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financial advisor

Questions to Ask your Financial Advisor while Planning your Retirement

Retirement planning is not something that should be taken lightly, which is why you should meet with your advisor regularly. If you’ve set up an appointment to chat with your financial advisor, chances are that you have a few questions to ask them. Below are some examples of questions you should be asking to help ensure that your retirement portfolio will be able to cater for your needs once you stop working.

  1. Can Debt Affect my Retirement?

Unfortunately, any type of debt will have a negative effect on your retirement, so this is something you should speak to your financial advisor about, If you’re saddled with high levels of consumer debt, you can work with your advisor to help find ways to reduce the amounts you owe as quickly as possible. It’s best to reduce or even eliminate debt before you stop working.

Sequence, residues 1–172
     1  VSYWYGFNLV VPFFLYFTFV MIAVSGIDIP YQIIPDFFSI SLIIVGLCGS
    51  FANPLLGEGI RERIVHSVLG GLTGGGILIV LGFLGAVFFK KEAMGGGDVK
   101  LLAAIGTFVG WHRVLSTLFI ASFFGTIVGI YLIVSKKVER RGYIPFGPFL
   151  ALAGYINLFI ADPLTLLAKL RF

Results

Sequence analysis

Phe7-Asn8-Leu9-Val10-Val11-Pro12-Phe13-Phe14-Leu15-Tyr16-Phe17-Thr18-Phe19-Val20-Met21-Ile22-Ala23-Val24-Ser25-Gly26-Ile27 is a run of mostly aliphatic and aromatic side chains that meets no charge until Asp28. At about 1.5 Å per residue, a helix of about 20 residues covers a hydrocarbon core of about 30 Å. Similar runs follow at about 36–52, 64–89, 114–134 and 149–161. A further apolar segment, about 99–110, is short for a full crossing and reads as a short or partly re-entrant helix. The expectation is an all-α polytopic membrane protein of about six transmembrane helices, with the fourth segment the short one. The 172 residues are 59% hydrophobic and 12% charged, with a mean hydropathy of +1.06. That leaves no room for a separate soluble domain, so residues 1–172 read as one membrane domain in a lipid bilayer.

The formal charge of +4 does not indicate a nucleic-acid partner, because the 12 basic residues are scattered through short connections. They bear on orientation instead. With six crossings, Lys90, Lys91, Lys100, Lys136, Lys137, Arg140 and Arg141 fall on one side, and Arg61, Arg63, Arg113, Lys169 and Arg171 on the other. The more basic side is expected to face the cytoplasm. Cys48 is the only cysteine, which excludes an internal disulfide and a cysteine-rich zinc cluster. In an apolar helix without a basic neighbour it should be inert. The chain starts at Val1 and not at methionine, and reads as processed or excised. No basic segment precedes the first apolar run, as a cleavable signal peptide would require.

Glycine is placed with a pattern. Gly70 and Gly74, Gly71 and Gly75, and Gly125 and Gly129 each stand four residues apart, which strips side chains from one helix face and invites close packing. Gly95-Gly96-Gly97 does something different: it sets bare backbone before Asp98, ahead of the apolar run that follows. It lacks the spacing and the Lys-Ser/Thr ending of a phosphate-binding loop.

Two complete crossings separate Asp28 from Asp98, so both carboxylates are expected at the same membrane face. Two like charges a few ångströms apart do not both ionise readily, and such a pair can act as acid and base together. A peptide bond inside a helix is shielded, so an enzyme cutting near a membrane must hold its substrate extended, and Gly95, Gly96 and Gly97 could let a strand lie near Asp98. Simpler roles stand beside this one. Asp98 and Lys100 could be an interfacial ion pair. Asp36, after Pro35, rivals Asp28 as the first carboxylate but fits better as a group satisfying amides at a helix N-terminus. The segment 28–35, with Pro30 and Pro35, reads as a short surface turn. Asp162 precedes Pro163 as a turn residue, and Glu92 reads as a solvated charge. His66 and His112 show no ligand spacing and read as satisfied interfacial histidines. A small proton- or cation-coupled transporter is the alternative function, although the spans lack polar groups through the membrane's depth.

1. Are my Retirement Savings on Track to Achieve my Goals?

Ensuring that you are keeping close track of your retirement savings plan is probably the most important thing to do – you won’t be able to retire as planned if you haven’t been saving enough money. As such, you must ask your advisor if the amounts you’re currently saving are sufficient or if any changes will need to be made to achieve your retirement goal. It’s also important to know how much interest your savings are accruing over time from compounding interest. 

  1. What Percentage of my Current Income can be Replaced when I Retire?

Most individuals have spent a few years or even decades earning a fixed paycheck, so it’s recommended that you ask your advisor if this will be changing after you’re no longer working. An adjustment to your income is serious business, so it’s important that you be prepared for when it happens. However, any reliable advisor will be able to let you know what your approximate income will be when you retire

  1. At what Age should I Take Social Security?